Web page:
TB: You mentioned your sobriety, and you’ve been very public about it. When your kids are old enough to understand this accomplishment, what would you want to tell them about it?

MS: I’d tell them that Daddy is a superhero. Because, with sobriety, the odds are against people. Most people fail, unfortunately. And I’m sure a lot of us have had a family member suffer from addiction or mental illness. I wear my sobriety on my sleeve, like a badge of honor to show people out there that there are positive stories, and to not give up on yourself. And that’s very important.

TB: You’re balancing a lot. What’s it like juggling the titles of reality star and dad?

MS: Usually, it’s a tight-rope walk. I have to be myself on TV. And that’s been the secret to my success. Even when I was wild and crazy, in my early years, I was being authentic to who I was at that particular time. Now, being a dad, a husband and sober, I’m doing the same—being authentic and genuine. So that’s really my secret to my success. Also, I do run my life through my program where my sobriety comes first… Now, again, I tend to be a little mischievous even today, but that’s me being human and me being my best self, and trying to move forward and live life.

TB: With two little ones, what does date night look like these days?

LS: Date night could be a number of things. We have a few different versions of date night. With one of our main jobs being Jersey Shore Family Vacation, oftentimes date night will be a night out working with our friends—but with a microscope and cameras on you at the same time. It’s a unique situation. Oftentimes, when we’re filming we’re away from our kids. So that’s our husband-wife time, and we make a point to enjoy those moments together and those nights out. Now, I look forward to filming even more because I’ll be able to get dressed up and have time alone with my husband, where normally at home with two little kids you really don’t have that.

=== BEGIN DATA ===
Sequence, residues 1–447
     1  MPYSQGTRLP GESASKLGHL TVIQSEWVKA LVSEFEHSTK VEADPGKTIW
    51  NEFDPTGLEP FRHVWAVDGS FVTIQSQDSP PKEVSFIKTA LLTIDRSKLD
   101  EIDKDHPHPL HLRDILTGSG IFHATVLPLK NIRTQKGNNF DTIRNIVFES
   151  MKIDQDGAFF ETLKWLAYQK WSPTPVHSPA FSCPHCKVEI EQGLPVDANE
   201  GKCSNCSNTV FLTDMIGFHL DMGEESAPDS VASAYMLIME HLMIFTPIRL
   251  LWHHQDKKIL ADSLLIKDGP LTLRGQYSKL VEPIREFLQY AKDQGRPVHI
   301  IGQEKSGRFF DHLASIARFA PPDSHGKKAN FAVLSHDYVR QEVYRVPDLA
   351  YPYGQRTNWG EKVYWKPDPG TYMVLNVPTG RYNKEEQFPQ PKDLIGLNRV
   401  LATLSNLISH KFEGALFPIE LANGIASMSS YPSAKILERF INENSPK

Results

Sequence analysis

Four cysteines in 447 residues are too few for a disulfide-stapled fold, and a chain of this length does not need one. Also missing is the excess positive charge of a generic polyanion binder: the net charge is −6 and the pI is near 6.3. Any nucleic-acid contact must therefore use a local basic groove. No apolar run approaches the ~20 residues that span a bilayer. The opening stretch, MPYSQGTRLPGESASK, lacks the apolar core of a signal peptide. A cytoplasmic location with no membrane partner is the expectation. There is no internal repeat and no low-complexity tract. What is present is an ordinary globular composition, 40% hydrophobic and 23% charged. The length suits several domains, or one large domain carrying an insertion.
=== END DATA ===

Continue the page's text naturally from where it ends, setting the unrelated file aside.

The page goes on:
TB: Conversely, cameras off—what does a typical low-key Sunday at home look like?

MS: Sunday around here is tradition. We order bagels in the morning. We get our egg sandwiches in the morning, coffee and juice. I’ll go to the local Italian store every Sunday, and I’ll get the finest they have to offer—everything from chicken cutlets to about three to four different types of pasta (Romeo, our eldest, who’s almost 2 years old, he loves cavatelli and broccoli!). So we’ll put it all on the table, and we’ll just eat pretty much all day long. And just living our best life on a Sunday with the kids. Yeah, Sunday is for family.

TB: Mike, you’re known for your love of food—and some of your favorites aren’t the healthiest of options. Has your diet changed at all since becoming a parent?

MS: It definitely has. To be honest, the babies come first. I have to help my wife, and I don’t want my wife to get too bogged down. If my wife gets bogged down, the whole house falls apart, so I have to make sure that we operate as a team. And then I try to balance in my work and my diet. Usually when a season [of filming] ends, I’ll have more time to spend with the family and more time to develop a better routine and spend more time at the gym.

TB: You both have your own entrepreneurial things going on. Tell me a little bit about how you juggle all of that in your day to day.